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An 80-foot tower at Rhema Word of Faith Church in east Lakeland provides free wifi to an estimated 200 low- and moderate-income homes nearby. The pastor who erected the tower envisions more churches joining his crusade to bridge the digital divide, and is seeking help from the city of Lakeland in a pilot project.
Rhema‘s leader, The Rev. H.B. Holmes, was joined by Pastor Eddie Lake of New Bethel AME Church Monday at a meeting of the Lakeland City Commission. They represented the Interdenominational Ministerial Alliance of Lakeland, an organization headed by Lake.
Their ask: Extend the city’s fiber optic network to Harmony Missionary Baptist Church, 1645 N. Webster Ave., and provide a high-speed connection. In turn, Holmes said, he will donate a tower and repeaters at the church that will extend wifi connections to at least 75 homes in three northwest Lakeland neighborhoods: Providence, Webster and “The Lower End,” an area of Martin Luther King Jr. Boulevard north of 10th Street.
Commissioner Phillip Walker had two questions for Holmes:
- Is Harmony Baptist Church the best location to reach the most homes in the area? Holmes responded it is well-situated because it’s near the crest of a hill and it’s the most cost-effective church location because it is just 1,100 feet from the city’s fiber hub.
- What is the cost to the city? Holmes suggested a cost estimate could be provided by the city’s fiber optics supervisor.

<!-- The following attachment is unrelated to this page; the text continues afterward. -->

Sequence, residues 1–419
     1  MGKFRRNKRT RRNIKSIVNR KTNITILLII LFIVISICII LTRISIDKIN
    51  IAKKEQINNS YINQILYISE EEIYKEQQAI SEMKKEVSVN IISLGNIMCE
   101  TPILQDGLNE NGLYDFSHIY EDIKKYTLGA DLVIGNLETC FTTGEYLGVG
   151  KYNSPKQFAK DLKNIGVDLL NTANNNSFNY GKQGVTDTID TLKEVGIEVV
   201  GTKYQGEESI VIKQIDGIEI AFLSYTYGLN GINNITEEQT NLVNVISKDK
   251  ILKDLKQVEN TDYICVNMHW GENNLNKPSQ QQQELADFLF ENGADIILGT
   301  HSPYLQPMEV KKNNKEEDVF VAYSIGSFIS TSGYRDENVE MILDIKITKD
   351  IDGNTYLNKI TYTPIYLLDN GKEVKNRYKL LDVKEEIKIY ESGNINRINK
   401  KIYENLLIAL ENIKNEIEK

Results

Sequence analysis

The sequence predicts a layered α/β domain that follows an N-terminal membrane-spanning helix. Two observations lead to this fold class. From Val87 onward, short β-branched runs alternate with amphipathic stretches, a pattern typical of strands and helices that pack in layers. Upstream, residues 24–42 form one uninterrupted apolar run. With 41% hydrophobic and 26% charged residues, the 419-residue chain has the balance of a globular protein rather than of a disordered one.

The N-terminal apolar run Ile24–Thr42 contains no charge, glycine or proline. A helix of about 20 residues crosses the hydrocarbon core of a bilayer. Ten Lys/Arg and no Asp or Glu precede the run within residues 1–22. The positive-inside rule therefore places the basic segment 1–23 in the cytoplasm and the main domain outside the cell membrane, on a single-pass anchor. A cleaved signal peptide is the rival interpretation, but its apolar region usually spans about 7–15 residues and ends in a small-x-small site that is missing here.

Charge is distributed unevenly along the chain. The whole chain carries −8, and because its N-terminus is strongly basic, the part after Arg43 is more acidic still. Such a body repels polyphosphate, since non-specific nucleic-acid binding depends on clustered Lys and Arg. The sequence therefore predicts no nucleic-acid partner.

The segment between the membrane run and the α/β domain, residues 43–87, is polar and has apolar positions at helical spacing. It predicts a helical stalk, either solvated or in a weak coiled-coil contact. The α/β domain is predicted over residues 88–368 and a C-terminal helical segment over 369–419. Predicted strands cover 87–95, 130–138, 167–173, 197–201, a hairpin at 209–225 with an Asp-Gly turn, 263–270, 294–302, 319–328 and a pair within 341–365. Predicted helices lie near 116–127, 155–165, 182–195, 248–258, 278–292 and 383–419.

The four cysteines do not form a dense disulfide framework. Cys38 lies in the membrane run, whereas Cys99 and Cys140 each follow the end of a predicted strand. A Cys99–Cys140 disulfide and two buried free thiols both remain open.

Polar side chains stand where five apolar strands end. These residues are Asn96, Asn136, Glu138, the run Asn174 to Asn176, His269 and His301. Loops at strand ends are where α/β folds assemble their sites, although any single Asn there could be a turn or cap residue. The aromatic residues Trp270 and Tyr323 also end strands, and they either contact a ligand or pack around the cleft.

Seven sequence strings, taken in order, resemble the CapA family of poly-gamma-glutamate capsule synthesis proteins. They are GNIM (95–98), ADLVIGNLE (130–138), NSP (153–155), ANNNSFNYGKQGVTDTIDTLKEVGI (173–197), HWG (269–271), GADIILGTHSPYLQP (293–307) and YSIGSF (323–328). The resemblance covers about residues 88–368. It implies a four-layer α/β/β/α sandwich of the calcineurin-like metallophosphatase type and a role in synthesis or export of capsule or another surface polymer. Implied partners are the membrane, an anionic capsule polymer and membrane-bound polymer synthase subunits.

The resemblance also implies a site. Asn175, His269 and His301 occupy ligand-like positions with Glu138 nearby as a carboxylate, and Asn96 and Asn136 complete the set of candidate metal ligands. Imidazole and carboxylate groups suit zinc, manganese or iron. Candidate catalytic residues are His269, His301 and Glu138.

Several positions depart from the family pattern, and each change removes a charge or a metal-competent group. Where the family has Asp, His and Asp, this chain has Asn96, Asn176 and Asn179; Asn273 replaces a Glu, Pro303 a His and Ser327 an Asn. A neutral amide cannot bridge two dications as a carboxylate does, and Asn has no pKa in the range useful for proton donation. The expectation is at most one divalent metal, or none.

After discussion, city commissioners asked their staff to report back with cost estimates and determine if there are obstacles to the project.
The staff report should be ready for the commission by the end of the week, Interim City Manager Shawn Sherrouse said this afternoon.
Holmes called his proposal a pilot project and said he can envision towers at as many as 10 churches to reach the neighborhoods with greatest need.
Reliable Internet connections have become even more important in the wake of the coronavirus since schoolchildren have been tasked with adapting to e-learning and health organizations are rapidly implementing telemedicine, Holmes said.
He expressed disappointment that the city has done little to extend its SurfLakeland wifi network into lower-income areas, as recommended by the city’s broadband consultants in 2015.
The city in recent years has extended high-speed connections to faith-based organizations in low-income areas such as Parker Street Ministries, The Dream Center and New Life Center, but Holmes claimed those are used mostly to serve clients when the facilities are open rather than provide 24/7 connectivity to the broader community.
And he said he was disappointed in August when the city chose to negotiate with Summit Broadband Inc. of Orlando over two other companies for a potential broadband partnership.
Summit’s proposal did not address digital divide concerns, Holmes said, whereas Metronet of Evansville, Ind., proposed to work with him and local non-profit organizations on expansion of broadband into low-income neighborhoods.
Commissioner Stephanie Madden urged the other commissioners to take Holmes’ request seriously and said the city’s negotiations with Summit should not preclude creative solutions to extending broadband into low-income areas.
Negotiations between the city staff and Summit are about to begin, Sherrouse told city commissioners Monday. One avenue of discussion might be whether or not they would welcome a digital divide partner, he said.
“This is a commission that’s very much in favor of eliminating the digital divide,” Mayor Bill Mutz told Holmes.
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